The third way of fiction: A review (and giveaway!)

Edited to add: Kelley, commentator #5, was picked as the winner! Congratulations Kelley!!!!!


I have a hard time reading fiction.

Here is my problem: I love reading about failure; I love reading about redemption. I crave stories that are realistic, mired in reality, yet somehow outside of it all. I like good and evil to be present, black and white issues framed in the gray of our world. I hate depressing endings, although they most often seem to ring true. I get angry at sloppy literary attempts for justification of life choices, on reading yet another book about a young, beautiful, white person having intellectual and emotional crisis, I can’t read another book about an immigrant being struck by one calamity after another, can’t read anything gratuitously realistic without becoming despondent, can’t read anything else without becoming angry at the gloss they just spun over my world.

It is hopeless, you see.

For a long time now I have been a non-fiction girl, as it seems to be where some of the best stories are these days. But every once in a while I do find a good, fantastical story that speaks to both my intellect and my artistry, which acknowledges my world view while not tying everything up neatly in a bow. Where I find Christ, written between the lines, living in a gray world.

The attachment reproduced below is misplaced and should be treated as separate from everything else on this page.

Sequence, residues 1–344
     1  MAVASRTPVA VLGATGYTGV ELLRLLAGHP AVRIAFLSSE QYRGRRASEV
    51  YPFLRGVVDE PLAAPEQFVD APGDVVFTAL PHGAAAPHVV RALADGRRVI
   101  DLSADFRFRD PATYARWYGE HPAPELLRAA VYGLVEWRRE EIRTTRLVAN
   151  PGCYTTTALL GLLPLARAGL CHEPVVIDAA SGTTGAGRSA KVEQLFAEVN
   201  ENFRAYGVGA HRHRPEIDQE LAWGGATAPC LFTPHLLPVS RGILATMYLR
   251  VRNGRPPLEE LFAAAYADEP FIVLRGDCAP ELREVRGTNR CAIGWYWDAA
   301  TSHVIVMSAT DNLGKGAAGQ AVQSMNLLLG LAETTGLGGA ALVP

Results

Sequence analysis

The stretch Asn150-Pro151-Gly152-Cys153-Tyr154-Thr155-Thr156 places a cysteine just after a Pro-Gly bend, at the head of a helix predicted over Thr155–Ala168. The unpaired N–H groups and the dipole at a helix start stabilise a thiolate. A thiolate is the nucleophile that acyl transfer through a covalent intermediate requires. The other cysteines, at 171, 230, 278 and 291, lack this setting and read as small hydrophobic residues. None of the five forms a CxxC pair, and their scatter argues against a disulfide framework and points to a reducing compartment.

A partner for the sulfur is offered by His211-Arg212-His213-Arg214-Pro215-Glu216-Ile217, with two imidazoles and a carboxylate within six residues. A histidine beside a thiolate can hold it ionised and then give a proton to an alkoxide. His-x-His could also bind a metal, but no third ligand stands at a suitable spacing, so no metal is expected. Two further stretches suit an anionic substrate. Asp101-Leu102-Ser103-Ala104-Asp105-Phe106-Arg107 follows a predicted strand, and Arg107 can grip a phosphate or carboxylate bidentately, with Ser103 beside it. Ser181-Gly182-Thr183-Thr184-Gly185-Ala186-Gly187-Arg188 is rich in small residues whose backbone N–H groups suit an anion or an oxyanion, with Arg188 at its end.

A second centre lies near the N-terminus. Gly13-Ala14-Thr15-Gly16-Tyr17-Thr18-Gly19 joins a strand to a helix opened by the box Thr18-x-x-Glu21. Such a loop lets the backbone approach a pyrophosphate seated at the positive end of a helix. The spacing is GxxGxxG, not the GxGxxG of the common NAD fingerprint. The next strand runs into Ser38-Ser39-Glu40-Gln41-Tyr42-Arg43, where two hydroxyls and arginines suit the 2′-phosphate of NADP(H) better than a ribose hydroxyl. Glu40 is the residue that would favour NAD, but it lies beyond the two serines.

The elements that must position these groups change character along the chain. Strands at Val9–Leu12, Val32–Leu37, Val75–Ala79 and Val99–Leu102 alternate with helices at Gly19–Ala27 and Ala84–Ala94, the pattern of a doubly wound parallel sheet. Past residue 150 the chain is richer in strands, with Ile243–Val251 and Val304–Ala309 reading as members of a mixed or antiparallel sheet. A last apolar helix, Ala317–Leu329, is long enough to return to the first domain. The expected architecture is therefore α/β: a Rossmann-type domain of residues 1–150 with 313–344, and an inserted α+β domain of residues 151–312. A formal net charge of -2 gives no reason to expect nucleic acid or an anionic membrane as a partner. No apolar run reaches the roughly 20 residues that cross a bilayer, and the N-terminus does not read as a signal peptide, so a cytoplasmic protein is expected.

It doesn’t happen often, but it is there.

This isn’t a discussion of Christian Art (and heavens, I would be the last person qualified to open up that box). This is just a reflection on how phony most fiction reads to me, both inside the Christian realm and outside it. Both areas have their crutches, their bent towards certain resolutions and themes. Very little feels organic, outside of the structures that make people feel a certain way.

I just read a book that made me feel differently. I started Doug Worgul’s Thin Blue Smoke on my way out to the exotic midwest and couldn’t put it down. My expectations were as low as they had ever been: the author was a Christian, it was a fictional novel set in Kansas City, and the plot lines revolved around baseball and BBQ. This did not seem promising.

But several chapters into Thin Blue Smoke and I was hooked. It isn’t a perfect novel, of course, but it seemed new to me and my world of reading, allowing me the chance to enter a world far different from my own.